Washington Island (Through Death’s Door)

Washington Island We chose to take the car ferry to the island so we could get around easier and explore at our own pace.   Bright sunny skies increased our anticipation as we drove onto the ferry. Light winds and a calm lake seemed to calm our spirits as we prepared to pass through “death’s door”. […]

Wash1-11

Washington Island
We chose to take the car ferry to the
island so we could get around easier and explore at our own pace. 
 Bright sunny skies increased our anticipation as we drove onto the
ferry. Light winds and a calm lake seemed to calm our spirits as we
prepared to pass through “death’s door”.  ( Door county is named after the strait between the Door Peninsula and Washington Island. The dangerous passage, which is now scattered with shipwrecks, was known to early French explorers and local Native Americans. Because of the natural hazards of the strait, where the waters of Green Bay meet the open body of Lake Michigan, they gave it the French appellation Porte des Morts, which in English means “Death’s Door.”)

 (http://www.washingtonisland.com/visitors-guide/island-history-culture/

We picked out Rock Island, Detroit Island, a light house, and
numerous points of interest on our way. At the halfway point, (where
we met the returning ferry) our destination seemed to be a large
island, covered with trees, a couple of marinas, and a few beach
clearings scattered about.
Within minutes of docking, we were
off the ferry and onto a nicely paved street approaching town. We
took the loop through town, noting several interesting restaurants,
shops and galleries, real estate offices, and other services.
We decided to explore the island
before choosing a lunch stop. We started off on a large loop around
the island, stopping first at a beautiful old chapel, Stavkirke
(Stave Church) that is a replica of one in Borgund, Norway. We also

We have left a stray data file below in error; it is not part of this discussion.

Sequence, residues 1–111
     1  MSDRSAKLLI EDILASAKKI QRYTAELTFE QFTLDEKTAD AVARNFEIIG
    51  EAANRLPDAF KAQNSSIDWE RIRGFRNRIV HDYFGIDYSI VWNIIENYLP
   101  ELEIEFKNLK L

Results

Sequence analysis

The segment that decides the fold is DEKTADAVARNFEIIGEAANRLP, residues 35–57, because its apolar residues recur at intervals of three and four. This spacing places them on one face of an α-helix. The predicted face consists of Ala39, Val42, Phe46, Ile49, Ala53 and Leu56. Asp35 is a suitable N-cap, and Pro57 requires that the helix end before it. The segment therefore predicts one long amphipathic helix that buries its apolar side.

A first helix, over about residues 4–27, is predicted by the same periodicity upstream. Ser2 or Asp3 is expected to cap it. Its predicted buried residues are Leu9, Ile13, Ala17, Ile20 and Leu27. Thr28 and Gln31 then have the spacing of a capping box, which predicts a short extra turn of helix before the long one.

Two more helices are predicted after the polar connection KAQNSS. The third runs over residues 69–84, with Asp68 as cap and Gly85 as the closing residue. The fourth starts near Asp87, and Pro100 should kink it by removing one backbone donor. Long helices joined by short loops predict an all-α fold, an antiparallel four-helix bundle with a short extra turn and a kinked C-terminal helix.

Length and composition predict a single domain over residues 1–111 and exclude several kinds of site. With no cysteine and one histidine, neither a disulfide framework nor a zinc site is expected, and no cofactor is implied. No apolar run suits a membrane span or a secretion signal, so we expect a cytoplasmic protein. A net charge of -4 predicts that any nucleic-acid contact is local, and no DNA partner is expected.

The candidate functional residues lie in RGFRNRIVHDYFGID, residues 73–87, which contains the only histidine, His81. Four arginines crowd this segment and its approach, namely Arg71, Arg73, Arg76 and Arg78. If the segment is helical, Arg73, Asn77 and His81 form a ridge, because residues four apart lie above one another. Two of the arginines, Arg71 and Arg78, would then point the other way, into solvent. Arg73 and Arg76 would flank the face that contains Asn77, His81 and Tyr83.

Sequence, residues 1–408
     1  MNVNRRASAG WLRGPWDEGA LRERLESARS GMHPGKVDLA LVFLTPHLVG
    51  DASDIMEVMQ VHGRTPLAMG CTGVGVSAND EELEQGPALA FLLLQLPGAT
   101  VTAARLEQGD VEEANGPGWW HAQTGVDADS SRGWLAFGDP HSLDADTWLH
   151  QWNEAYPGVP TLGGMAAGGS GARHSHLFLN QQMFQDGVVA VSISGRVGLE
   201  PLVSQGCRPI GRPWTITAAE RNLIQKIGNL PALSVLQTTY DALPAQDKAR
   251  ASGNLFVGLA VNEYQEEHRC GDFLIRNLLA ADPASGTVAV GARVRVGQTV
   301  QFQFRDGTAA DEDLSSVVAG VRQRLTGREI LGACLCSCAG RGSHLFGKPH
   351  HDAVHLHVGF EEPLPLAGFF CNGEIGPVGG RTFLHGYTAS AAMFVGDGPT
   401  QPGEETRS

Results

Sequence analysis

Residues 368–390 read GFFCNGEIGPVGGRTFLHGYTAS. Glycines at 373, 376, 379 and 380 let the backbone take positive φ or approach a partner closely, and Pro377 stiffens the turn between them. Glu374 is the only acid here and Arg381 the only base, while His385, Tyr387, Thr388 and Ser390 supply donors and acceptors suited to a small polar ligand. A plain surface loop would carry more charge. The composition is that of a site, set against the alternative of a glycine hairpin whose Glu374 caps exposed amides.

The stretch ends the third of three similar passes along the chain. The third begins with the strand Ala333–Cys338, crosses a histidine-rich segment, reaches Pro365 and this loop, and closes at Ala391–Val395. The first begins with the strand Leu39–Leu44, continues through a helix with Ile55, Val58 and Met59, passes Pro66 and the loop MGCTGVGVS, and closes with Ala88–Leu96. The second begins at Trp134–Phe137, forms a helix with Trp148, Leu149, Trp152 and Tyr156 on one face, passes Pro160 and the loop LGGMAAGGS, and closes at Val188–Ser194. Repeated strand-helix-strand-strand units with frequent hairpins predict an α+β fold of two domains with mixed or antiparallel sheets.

walked the beautiful wooded prayer path next to the chapel.
The drive then took us through open
country-side through several lavender farms. Though not in bloom at
this time of year, the grounds of the Island Dairy and Lavender Farm
present a fascinating walk through the process of Lavender farming on
the island. There are lots of fragrant Lavender products for sale as
well.
Our drive continued around the island
passing through pristine forests, along Gislason beach, 
past Sand
Dunes Park where Jo made friends with some bikers, and Jackson Harbor
with it’s Maritime Museum. We climbed the steps to the base of the
Mountain Park Lookout Tower, only to find that trees had grown higher
than the tower on all but one small section. With over 160
stairsteps each way, we got our exercise in at least.
We explored School House Beach with
its incredibly smooth stones. The round smooth flat stones were
actually easier to walk on than sand beaches. 
 The water was clear
and you could see the bottom for a good ways out. Even on a cool
(mid 60’s) day people were wading and enjoying the water.
Needing a break and some lunch, we
made our way back to the downtown area, zig-zaging across the island. 
Seeing a sign for “Kringles” we stopped at the Danish
Mill restaurant for a sandwich and, a shared Kringle. Delicious
!…. and we took home a big section of our almond kringle.

Then after exploring a little more of
the downtown area, we resumed our drive around and across this
beautiful island. Driving through more forests, along more developed
shorelines, passing through more farms, some with livestock, others
with crops planted. (They say the peas take on an unusual taste from
the soil, are prized by canners and buyers, and are highly sought
after for their flavor).

Jo found several beautiful old barns
to photograph. We also drove through several large orchards of
cherries and apples.

After boarding the last ferry for the
day, we enjoyed a late afternoon ride back through Death’s Door and
home. We both thoroughly enjoyed our day on Washington Island. It
is a must see if you are in this beautiful area of Wisconsin.                                                  
                                                 

You may also like

Sign In

Reset Your Password